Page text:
Aren't they cute!  Turtle and his cousin will each receive a delicious basket of strawberries for Christmas.  His cousin will also receive all the other fruit I make over the next few days.  It's a lot of fun to make the kids their toys instead of just buying them and to know how much fun they'll have playing with them.  This was also a great craft for a busy person like me who doesn't often get to take the time because the items are small. You get to design, plan, and sew, but you can finish one piece of fruit in less than 30 minutes if you know what you are doing. So there is a great feeling of satisfaction and no danger that you will leave the project 80% done for years like there would be if I tackled trying to sew myself a whole outfit or something.  

I also picked up some colorful doggie themed fabric squares and was thinking the next small items I could easily make would be bean bags for the kids.  Rectangles stuffed with rice or beans- how easy is that?!  And I was even thinking of trying to create a dog chew toy out of some old jeans denim for my brother's new puppy.  But I have to figure out how to sew the seams super strong so it won't fall apart right away.  I have some old jingle bells that maybe could go inside...  


Lisa said...

How cute!! That's the type of stuff I see on Etsy. I wish I had the motivation to do more crafts. My sis and I used to get together and do crafty stuff. It was so fun. We made our own holiday wreaths and stuff.

Remember when we pasted our cut out recipes on colored paper to organize them and put them into a recipe binder??? I still use that, except it's back to being stuffed full of loose paper again!

I was never taught how to use a sewing machine though despite the fact that my mom had a tailoring business of her own.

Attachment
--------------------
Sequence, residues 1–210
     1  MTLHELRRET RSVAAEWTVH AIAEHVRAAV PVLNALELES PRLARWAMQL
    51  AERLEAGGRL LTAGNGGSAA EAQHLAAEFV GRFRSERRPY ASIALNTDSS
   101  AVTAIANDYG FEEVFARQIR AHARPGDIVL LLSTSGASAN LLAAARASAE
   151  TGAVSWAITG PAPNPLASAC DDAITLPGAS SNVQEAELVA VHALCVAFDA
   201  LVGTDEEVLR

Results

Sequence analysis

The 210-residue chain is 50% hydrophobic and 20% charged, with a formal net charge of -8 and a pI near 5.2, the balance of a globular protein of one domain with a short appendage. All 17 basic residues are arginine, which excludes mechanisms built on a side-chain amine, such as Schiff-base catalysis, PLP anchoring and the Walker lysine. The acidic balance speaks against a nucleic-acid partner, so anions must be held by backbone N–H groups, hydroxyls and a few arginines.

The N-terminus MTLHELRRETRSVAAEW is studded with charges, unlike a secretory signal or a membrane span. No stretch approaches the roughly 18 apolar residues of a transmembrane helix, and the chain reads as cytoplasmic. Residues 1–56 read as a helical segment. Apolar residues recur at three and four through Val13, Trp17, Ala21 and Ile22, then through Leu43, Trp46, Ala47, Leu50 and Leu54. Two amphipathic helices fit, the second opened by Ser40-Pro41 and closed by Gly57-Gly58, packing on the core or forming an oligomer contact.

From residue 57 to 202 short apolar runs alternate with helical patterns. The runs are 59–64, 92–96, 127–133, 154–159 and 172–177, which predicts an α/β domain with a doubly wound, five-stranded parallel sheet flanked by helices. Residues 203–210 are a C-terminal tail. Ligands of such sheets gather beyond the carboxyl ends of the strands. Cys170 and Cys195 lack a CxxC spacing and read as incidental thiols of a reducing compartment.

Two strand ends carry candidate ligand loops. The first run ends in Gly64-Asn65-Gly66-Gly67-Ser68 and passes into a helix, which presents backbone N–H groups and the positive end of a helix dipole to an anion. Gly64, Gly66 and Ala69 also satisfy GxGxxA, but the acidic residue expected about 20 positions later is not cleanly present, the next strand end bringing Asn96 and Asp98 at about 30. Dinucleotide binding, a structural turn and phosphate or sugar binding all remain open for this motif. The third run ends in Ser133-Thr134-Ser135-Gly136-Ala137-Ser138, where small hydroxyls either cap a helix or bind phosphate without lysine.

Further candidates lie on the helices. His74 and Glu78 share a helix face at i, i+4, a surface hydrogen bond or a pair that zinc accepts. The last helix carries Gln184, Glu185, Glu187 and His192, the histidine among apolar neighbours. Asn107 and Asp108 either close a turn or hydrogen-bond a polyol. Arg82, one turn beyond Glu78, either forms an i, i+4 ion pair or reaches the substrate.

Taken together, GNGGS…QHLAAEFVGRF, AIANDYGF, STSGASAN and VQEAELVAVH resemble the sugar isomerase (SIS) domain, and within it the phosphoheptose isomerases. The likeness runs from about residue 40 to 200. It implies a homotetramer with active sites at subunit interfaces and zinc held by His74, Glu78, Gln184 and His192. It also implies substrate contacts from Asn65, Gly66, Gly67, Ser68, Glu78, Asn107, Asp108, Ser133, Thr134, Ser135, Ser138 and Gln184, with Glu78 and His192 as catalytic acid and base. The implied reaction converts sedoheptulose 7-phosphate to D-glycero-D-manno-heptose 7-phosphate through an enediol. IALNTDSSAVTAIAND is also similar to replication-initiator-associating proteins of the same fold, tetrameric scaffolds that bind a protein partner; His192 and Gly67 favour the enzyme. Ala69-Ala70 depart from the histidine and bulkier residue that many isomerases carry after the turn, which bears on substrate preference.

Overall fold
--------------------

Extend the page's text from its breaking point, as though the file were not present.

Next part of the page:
You'll like Turtle's Xmas gift this year. It might give you a new craft idea!!

The bean bags are a really good idea. If you set out some buckets a few feet away for them to toss them into it helps them develop their visual motor skills.

I hope you are having a nice break from work and enjoying some time with your family and friends as well as to yourself.

Miss you. Have a great holiday!
Love, Lisa

Chelsea said...

You'll be sad to know that in a fit of frustration, I got rid of that whole recipe notebook a few years ago. I wasn't cooking at all and just doing the Dream Dinners thing and the notebook sat there making me feel guilty about not cooking, so it had to go. Stupid move. I wish I had it back now. But I started a new one recently. This time, I'm only putting recipes in AFTER I try them and actually like eating them and making them. Less intimidating for me.

I actually took Home Ec in high school. I think it was like required in Texas at that time. And my mom sewed a fair amount, so I did learn. It's her machine I've inherited and I at least remember the basics. I'll never forget the god awful ugly rainbow stripes 80's knit dress I made in Home Ec for the end of year fashion show. I also had spiked hair at the time. Scary!

I always had fun doing crafts with my sister, too and also wish I had more motivation and time to devote to it. But these infrequent spurts are still fun. Remember, I'm a year ahead of you mom-wise, though, so maybe you will feel you can get back to it in a year or so. I could have never done this last year because he wouldn't have been able to keep himself entertained safely for long enough for me to get anything done. Now he plays trains or glues collages while I sew and is interested in "helping" me and watching, too. I think each year it will get better and we can do these things together until he's old enough that he thinks it's all too dorky.

I miss you, too! Wish we could sit and be crafty together while the kids played...